Trending Now: Is Facebook Staring at its ‘Orkut’ Moment? How Valentine’s Day Came to Be Using Ecobricks to Make Artificial Rocks
Generic selectors
Exact matches only
Search in title
Search in content
Post Type Selectors

Carrot Halwa

Shyama Malhotra | February 11, 2021
Carrot Halwa

Carrot halwa, or gajjar halwa or gajrela as it is popularly called in Punjabi is a North Indian sweet made especially during winters. This dessert is a must have at most weddings and functions and is often served with a dollop of ice cream on the side.


Red carrots – 1 kg

Full fat milk – 2 litres

Sugar – 150 gms

Ghee – 150 gms

Raisins – ½ bowl

Almonds – ½; soaked overnight

Cashew – ½ bowl; chopped fine

Walnuts – ½ bowl; shelled and chopped

Silver leaves – 2-3 pcs


  1. Peel the almonds and cut into thin slivers. Keep aside
  2. Soak the raisins in warm water for a while, then take out and keep aside.
  3. Grate the carrots to medium thickness. If grated too thin, the halwa will become mushy, and if too thick, the pieces will stand out.
  4. Bring the milk to boil in a large heavy bottomed pan.
  5. Add the grated carrots and keep stirring on low flame at regular intervals till the milk almost dries up.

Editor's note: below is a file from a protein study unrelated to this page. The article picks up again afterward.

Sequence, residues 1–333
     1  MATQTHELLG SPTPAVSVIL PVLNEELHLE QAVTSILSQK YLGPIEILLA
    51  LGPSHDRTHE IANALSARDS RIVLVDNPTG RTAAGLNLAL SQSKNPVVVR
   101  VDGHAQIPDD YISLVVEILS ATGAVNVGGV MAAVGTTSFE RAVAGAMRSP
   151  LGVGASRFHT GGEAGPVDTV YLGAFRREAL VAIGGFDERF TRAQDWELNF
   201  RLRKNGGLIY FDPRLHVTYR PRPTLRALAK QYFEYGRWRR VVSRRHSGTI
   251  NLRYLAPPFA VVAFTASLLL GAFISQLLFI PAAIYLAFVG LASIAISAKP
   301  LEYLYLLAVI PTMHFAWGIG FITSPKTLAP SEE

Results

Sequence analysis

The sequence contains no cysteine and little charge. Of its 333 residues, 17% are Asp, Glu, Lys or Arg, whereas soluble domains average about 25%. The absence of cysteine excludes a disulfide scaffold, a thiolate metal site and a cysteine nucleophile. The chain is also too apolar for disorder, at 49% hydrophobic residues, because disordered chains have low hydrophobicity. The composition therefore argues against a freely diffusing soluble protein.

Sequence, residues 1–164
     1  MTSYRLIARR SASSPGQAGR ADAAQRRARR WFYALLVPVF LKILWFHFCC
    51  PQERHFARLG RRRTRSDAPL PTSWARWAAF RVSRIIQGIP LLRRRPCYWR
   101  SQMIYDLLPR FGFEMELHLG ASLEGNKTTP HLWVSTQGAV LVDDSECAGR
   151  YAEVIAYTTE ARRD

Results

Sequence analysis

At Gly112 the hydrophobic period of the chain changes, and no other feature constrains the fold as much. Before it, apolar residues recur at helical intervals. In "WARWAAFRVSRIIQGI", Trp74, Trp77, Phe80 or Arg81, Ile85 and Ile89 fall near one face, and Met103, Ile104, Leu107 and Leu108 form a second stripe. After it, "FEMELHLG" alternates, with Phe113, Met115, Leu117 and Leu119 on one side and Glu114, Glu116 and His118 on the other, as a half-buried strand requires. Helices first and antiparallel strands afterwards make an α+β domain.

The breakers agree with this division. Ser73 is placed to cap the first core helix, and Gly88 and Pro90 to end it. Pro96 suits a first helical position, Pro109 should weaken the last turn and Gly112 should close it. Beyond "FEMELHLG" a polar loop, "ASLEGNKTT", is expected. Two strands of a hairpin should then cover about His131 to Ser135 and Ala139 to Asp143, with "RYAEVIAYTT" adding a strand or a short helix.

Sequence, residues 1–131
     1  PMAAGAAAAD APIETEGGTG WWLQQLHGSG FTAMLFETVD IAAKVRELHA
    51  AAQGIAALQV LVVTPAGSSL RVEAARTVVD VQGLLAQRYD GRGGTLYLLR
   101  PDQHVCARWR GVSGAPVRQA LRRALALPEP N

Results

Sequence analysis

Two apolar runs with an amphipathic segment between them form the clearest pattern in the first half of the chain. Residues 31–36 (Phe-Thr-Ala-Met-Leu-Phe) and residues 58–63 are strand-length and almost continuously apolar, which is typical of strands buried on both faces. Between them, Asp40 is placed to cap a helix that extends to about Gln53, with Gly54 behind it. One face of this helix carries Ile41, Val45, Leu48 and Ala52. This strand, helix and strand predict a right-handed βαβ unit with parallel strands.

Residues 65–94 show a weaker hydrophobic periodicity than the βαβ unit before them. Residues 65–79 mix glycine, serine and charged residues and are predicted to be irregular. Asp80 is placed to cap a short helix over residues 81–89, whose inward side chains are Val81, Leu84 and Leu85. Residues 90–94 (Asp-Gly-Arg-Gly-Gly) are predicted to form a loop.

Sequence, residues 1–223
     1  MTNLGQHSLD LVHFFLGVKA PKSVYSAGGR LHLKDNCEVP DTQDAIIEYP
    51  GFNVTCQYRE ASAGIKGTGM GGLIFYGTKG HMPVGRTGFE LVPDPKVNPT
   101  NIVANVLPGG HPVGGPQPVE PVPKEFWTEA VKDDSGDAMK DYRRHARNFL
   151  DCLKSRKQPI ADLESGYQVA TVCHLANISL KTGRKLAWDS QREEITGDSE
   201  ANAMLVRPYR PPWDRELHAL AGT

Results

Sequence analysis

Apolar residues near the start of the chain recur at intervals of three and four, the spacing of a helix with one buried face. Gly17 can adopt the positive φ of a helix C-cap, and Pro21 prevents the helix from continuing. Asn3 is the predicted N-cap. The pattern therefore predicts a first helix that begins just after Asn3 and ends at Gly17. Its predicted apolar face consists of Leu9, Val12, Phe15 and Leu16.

6. Add the ghee and cook for a while.
  7. Add the sugar and keep stirring continuously till the ghee separates.
  8. Add the raisins, almonds, cashew and walnuts leaving aside some for the garnish.
  9. Garnish with the rest of the dry fruits and silver leaves. Serve hot.

Make sure you use only tender and juicy red carrots that are available during winters. Although making this halwa requires a lot of muscle work, the end result would be worth the effort. You can also freeze the halwa for up to a month in the freezer. Thaw before using and warm in a microwave. Do share with us your experience when making this specialty in the comments box below.

Shyama Malhotra

Shyama was brought by her grandparents and spent her early childhood in the Kullu valley in Himachal Pradesh. She learnt cooking when she was all of eight years old. By the time she shifted to her parents’ home, in Meerut, when she was 11, Shyama had learnt enough to be able to cook entire meals for the large joint family.


Her prowess in the kitchen made her very popular even after marriage, and her table was always laden with traditional Indian food. Shyama passed away recently, but her recipes have been kept alive by her daughters and grandchildren who cherish every item that their “nani” cooked for them.

Notify of
1 Comment
Newest Most Voted
Inline Feedbacks
View all comments
Arti Chopra
Arti Chopra
3 years ago

Tasted just as yummilicious n creamy as my mommy’s..
Easy peasy recipe without much fuss of extra ingredients!

Would love your thoughts, please comment.x